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The Solution to Police Murder Is Not More Money

Democratic politicians have patiently listened to protesters’ demands and have resolutely vowed to do the opposite.

Jim Watson/Getty Images

In my neighborhood of D.C., there is a Whole Foods on P Street NW, between 14th and 15th. Prior to its ultragentrification, the neighborhood was home to one of the city’s most well-known homeless shelters; years on, there are still often one or two homeless Washingtonians who spend the day on this particular block. I recall one occasion, a couple of years ago, when I passed one such person in front of the grocery, wandering the sidewalk and shouting—something like “Fuck Trump,” which is certainly a pretty ubiquitous sentiment in D.C. As I left the store, 15 minutes later, he was still outside but was now arguing that Ronald Reagan might have been even worse than Trump; another man sitting on the street outside the store agreed. 

I smiled to myself as I walked by, resisting the urge to whitely say something like, “Right on, sir!” But as I turned the corner, I saw a middle-aged white guy talking to a police officer in a car, gesturing at the shouting man. I don’t know if he was just complaining about the slightly elevated noise or claiming that the man was somehow dangerous. I can report that, as a youngish woman who can barely lift a bag of kitty litter, I did not feel threatened by his vigorous political speech. 

Regardless of that particular man-Karen’s intentions, recent evidence has shown that this is what the police are, to well-off white people: An omnipresent, benevolent force to be called when things are going wrong in any way. There is little sense that those who employ the police in this fashion—as a referee governing the ticky-tack conflicts of ordinary urban existence—consider what might happen once the cops get involved. They are much more likely to see the police as a solution to, not a cause of, problems. And so, armed men who are trained to mete out physical punishment in the name of keeping the order are sent into situations that don’t require that level of intervention.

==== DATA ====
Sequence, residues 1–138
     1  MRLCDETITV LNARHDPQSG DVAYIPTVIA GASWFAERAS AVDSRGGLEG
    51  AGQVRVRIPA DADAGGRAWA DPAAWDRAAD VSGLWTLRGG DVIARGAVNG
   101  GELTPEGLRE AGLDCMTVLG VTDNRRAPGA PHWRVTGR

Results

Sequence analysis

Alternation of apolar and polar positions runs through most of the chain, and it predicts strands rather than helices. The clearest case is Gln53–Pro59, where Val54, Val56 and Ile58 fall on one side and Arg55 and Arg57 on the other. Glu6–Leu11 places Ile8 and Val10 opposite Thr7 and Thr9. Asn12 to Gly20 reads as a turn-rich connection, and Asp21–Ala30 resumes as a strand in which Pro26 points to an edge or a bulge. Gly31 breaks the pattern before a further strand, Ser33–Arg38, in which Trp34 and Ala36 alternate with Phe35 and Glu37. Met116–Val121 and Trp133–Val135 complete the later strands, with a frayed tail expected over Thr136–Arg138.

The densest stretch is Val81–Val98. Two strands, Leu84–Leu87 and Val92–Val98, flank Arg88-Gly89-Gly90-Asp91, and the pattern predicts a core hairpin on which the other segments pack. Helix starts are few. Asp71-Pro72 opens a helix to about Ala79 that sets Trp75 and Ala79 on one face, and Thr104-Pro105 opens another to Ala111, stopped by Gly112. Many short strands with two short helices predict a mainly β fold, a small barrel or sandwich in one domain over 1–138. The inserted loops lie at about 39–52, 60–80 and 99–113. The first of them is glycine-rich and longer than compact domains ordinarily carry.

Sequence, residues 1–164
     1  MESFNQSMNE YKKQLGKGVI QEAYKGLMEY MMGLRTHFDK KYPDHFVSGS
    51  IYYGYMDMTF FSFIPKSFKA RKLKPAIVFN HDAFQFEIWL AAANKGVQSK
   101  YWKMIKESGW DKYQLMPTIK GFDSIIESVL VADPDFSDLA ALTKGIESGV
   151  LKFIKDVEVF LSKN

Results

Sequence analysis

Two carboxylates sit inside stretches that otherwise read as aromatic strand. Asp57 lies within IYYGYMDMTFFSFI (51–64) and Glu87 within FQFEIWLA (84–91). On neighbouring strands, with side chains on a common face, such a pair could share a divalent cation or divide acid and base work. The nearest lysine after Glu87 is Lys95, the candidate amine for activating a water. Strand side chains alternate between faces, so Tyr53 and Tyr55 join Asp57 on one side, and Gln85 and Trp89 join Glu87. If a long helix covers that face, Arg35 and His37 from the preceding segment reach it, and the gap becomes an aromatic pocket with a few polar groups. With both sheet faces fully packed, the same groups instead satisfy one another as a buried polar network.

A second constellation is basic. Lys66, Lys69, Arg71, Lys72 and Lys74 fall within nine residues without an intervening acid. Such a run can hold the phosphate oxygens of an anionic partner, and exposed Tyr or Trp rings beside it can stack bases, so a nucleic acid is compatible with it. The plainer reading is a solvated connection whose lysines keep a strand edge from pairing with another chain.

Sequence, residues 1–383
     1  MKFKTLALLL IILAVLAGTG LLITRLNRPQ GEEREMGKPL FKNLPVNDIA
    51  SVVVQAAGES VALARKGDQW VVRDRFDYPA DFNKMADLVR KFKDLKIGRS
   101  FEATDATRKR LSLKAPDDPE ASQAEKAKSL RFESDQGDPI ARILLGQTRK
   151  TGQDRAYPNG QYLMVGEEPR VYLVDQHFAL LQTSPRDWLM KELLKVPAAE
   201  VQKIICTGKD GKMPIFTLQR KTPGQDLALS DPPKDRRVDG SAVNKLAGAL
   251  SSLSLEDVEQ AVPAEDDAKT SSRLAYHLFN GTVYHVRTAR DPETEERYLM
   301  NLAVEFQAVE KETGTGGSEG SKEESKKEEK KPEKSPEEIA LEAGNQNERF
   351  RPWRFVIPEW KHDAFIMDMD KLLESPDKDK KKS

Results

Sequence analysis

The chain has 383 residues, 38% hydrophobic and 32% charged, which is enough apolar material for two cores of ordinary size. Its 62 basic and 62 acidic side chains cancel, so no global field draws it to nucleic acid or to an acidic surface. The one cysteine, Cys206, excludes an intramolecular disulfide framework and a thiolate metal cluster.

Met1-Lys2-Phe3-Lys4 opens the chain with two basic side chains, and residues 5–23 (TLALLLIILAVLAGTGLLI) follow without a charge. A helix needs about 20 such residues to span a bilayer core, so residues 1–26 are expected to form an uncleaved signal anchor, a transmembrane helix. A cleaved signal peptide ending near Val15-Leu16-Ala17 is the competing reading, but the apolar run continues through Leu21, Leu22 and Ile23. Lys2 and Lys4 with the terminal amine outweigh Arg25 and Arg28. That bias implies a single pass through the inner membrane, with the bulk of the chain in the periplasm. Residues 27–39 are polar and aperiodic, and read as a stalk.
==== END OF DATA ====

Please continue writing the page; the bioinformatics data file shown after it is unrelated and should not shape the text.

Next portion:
The George Floyd killing was the spark for the recent protests against police, but as The New York Times noted recently, another incident that happened on the same day also highlighted the “entrenched racism” black people face: The famous encounter in the Central Park Ramble, where Amy Cooper dialed 911 to sic the police on Christian Cooper, claiming that he was threatening her life, because he—a black man—had the temerity to ask her to leash her dog, as the park’s rules require. This incident highlighted not just how the police function as an enforcer of a horrible racial order, always available to threaten black people with implicit violence, but how many white people know they exist for this reason and are willing to use them as such.

It is easy to see how the Coopers’ incident, combined with Floyd’s killing, may have sparked a horrible realization among the thousands of white people who joined the protests against police racism: The police enforce white supremacy. Amy Cooper can call the cops with a false and malicious report of “an African American man” threatening her life; George Floyd dies under the knee of a police officer for passing a $20 bad check. You don’t even have to know about the modern police’s roots in slave patrols to recognize what tradition is being recalled. 


There is a reason that calls to abolish or defund the police are more prevalent in this round of protests against police brutality, and it isn’t just that the left is louder than it was five years ago. In part, there is a recognition that, having watched the same violent ineptitude play on a loop for several decades running, the police force we have cannot be meaningfully “reformed.” 

Nevertheless, prominent Democratic politicians, from Joe Biden to Bernie Sanders to the mayor of Minneapolis, have rejected the notion that the police should be defunded or abolished. Instead, politicians have countered that these departments actually need more funding, for things like racial bias training or the expansion of community policing. This is in direct contrast to the argument made by supporters of defunding the police, an argument articulated well by Derecka Purnell and Marbre Stahly-Butts months before Floyd’s death, in The New York Times: That the damage of mass incarceration cannot be healed “without reducing the size and scope of the police,” because “police fill prisons.” That is what the police are for, and that is what they will do.